Alfalfa, not just for livestock

 

Alfalfa sprouts are small but mighty...

The benefits of alfalfa - Naturally Botanicals

Alfalfa, while known as a livestock feed,

Can also help humans with what we need

It’s said it can improve cardiovascular health

Perhaps offer some digestive fiber wealth

And can be grown at home from a little seed!

Alfalfa is one of the oldest cultivated plants. Hay is made from alfalfa; it’s made by allowing the plants to grown until their early bloom, then they’re harvested dried and cured. It’s also a highly nutritious food for humans, and has been used an herbal medicine for at least 1500 years!


The benefits of alfalfa - Naturally BotanicalsThe word Alfalfa is Spanish and was derived from the Arabic word that means “Father of All Foods.” Sometimes called lucerne, buffalo herb, or Medicago sativa, alfalfa is a member of the pea family.  It is the most cultivated legume in the world, with the United States being the largest producer. 

 

The extensive root system of the alfalfa plant allows it to absorb a high level of nutrients from the soil. They contain a concentration of all the B-vitamins, A, C, D, E and K. Alfalfa is a source of iron, niacin, folic acid, biotin, calcium, magnesium, phosphorous potassium, beta carotene and flavonoids. Alfalfa has the highest chlorophyll content of any plant. Compared to other plants, alfalfa leaf is very high in protein, especially when dried. Alfalfa also contains essential amino acids that are not made by the body but must be obtained from food sources.

In China, it’s used as an appetite stimulant and as a treatment for digestive disorders, especially ulcers.

Ancient Indian texts show that Alfalfa seeds and sprouts were prescribed for improving blood cell production and its leaves and stems as a good source of proteins and minerals. Ayurvedic medicine used it as an herbal treatment for ulcers, to alleviate the pain of arthritis, and a treatment for fluid retention. Native Americans used the seeds as a nutritious additive to their meals. Herbal physicians in the early 19th century used it in their tonic mixes.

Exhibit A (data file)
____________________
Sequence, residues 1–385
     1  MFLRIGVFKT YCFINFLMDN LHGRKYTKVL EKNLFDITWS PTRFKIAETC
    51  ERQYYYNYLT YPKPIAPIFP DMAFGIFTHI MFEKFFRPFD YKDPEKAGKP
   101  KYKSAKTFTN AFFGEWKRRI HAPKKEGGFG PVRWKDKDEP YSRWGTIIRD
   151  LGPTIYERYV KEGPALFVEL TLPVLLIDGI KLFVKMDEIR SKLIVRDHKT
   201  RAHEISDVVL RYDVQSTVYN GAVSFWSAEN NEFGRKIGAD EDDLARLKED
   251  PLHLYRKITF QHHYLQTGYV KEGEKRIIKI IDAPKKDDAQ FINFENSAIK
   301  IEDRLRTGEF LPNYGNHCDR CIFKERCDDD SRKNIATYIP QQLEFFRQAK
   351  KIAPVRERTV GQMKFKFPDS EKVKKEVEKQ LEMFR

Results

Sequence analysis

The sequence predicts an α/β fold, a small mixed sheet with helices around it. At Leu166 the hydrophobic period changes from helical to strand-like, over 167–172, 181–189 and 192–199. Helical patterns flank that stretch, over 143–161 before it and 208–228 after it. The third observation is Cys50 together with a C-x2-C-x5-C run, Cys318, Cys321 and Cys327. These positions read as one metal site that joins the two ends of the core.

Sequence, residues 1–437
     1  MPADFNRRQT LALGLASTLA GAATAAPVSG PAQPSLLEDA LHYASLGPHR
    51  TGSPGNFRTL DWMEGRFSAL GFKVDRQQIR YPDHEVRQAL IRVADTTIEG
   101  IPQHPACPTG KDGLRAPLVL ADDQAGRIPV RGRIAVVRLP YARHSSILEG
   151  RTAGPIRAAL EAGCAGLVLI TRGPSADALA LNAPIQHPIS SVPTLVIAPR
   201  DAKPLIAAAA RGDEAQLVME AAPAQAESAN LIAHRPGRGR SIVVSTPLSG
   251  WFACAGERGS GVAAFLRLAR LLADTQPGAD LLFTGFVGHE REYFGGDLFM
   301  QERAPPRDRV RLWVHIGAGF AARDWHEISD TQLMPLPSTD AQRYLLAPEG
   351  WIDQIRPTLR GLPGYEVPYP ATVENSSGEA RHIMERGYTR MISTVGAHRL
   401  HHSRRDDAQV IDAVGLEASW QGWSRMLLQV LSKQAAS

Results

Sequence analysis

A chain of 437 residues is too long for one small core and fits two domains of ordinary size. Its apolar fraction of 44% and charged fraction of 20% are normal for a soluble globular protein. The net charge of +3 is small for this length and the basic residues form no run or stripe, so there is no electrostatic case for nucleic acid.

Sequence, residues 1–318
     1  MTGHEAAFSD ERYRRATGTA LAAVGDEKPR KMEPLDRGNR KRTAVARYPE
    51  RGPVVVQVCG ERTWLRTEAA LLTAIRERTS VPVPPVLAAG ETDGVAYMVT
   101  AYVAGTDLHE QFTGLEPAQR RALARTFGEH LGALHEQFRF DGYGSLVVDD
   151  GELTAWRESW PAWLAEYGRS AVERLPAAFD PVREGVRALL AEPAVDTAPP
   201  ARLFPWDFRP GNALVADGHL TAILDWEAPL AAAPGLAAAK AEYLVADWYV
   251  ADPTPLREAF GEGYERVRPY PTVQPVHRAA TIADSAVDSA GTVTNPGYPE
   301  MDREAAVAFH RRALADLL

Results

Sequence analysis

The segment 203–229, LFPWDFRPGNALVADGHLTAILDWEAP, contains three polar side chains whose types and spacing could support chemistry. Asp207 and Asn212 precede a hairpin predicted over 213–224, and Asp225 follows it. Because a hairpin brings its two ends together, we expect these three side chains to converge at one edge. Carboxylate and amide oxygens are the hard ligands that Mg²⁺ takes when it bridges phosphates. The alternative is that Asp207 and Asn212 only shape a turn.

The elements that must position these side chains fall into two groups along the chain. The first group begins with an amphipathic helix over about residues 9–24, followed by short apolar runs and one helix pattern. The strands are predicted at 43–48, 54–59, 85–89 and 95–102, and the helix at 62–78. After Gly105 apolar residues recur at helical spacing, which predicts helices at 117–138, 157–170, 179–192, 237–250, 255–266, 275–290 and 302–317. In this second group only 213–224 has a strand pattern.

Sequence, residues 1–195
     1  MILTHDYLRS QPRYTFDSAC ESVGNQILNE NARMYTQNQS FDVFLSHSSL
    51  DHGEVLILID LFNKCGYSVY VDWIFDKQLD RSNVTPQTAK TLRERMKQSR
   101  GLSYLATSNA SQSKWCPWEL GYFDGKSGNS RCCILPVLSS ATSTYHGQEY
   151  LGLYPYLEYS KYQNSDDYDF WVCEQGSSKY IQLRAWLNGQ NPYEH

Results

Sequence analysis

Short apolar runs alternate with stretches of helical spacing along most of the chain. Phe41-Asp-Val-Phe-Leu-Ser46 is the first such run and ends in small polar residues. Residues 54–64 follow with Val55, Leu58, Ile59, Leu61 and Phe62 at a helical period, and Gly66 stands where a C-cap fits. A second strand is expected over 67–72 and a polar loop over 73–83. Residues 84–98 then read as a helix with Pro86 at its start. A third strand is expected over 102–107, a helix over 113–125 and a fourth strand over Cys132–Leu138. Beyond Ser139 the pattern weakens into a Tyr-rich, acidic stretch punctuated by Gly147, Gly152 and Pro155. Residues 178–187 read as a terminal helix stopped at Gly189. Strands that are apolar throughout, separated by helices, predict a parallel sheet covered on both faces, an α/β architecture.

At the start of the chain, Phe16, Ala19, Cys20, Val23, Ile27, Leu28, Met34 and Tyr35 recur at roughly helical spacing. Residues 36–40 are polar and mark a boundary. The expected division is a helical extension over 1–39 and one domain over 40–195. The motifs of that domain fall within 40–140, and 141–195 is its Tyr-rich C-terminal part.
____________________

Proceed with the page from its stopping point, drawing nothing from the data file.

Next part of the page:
This is one plant where the outer leaves and roots not only have medicinal properties, but their sprouts are edible. Alfalfa sprouts may be small but they’re mighty. And low in calories. A single  serving of alfalfa sprouts provides nearly 15% of the daily required intake of vitamin C, making sprouts a great immune booster. By stimulating the production of white blood cells, alfalfa sprouts may help protect the body from infections and inflammation. 

You know, your immune system is amazingly complex. It can recognize and remember millions of different enemies, and it can produce secretions (release of fluids) and cells to match up with and wipe out nearly all of them. When our immune system is working properly, we don’t even notice it. It’s when the performance of our immune system is compromised that we face illness.

Obviously, the goal is to stay healthy. Get more sleep, work on lowering your stress level (easier said than done however it’s worth a try!), give your system good, regular nourishment with as many vitamins and nutrients as possible, and add in some immune boosters to help you seek and destroy those unwanted visitors.

Alfalfa juice and leaves are considered to help provide the following health benefits:

  • improving digestive health
  • reducing inflammation
  • enhancing kidney function
  • improving cardiovascular health
  • detoxing the urinary tract
  • supporting healthy blood sugar levels
  • supporting the pituitary gland
  • and faster wound healing

Scientific research confirms the effectiveness of medicago sativa as a natural treatment for high cholesterol. Studies have shown that alfalfa may reduce blood sugar levels due to its high manganese content.


Chicken Salad Sandwich with Alfalfa Feta and Mint Food and Wine Magazine | naturallybotanicals.com

This Chicken Salad Sandwich with Feta and Mint (and alfalfa added for good measure!) is from Food and Wine Magazine. (or click here for more recipes)




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